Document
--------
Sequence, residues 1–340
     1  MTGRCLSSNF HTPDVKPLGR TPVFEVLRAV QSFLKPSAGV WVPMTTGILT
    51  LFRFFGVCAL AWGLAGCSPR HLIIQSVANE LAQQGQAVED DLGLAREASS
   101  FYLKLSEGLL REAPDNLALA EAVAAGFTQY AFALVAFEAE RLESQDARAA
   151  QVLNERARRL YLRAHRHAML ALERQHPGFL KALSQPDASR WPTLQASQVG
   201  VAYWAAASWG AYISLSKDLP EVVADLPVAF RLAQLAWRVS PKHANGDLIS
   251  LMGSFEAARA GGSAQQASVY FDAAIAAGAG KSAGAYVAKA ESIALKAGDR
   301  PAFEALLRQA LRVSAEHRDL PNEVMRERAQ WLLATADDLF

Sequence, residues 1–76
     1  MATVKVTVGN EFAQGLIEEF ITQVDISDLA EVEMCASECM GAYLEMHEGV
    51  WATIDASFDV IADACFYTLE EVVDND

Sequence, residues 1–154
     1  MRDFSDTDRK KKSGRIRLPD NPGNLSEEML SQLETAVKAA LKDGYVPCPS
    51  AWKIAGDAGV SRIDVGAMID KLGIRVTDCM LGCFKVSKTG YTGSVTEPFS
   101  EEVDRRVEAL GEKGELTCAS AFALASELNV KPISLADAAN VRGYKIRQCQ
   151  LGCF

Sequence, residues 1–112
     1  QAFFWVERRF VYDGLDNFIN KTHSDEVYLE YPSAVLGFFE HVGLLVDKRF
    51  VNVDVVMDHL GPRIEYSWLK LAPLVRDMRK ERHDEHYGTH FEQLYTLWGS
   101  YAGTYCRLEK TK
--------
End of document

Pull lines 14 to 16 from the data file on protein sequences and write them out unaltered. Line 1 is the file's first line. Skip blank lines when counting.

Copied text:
    51  AWKIAGDAGV SRIDVGAMID KLGIRVTDCM LGCFKVSKTG YTGSVTEPFS
   101  EEVDRRVEAL GEKGELTCAS AFALASELNV KPISLADAAN VRGYKIRQCQ
   151  LGCF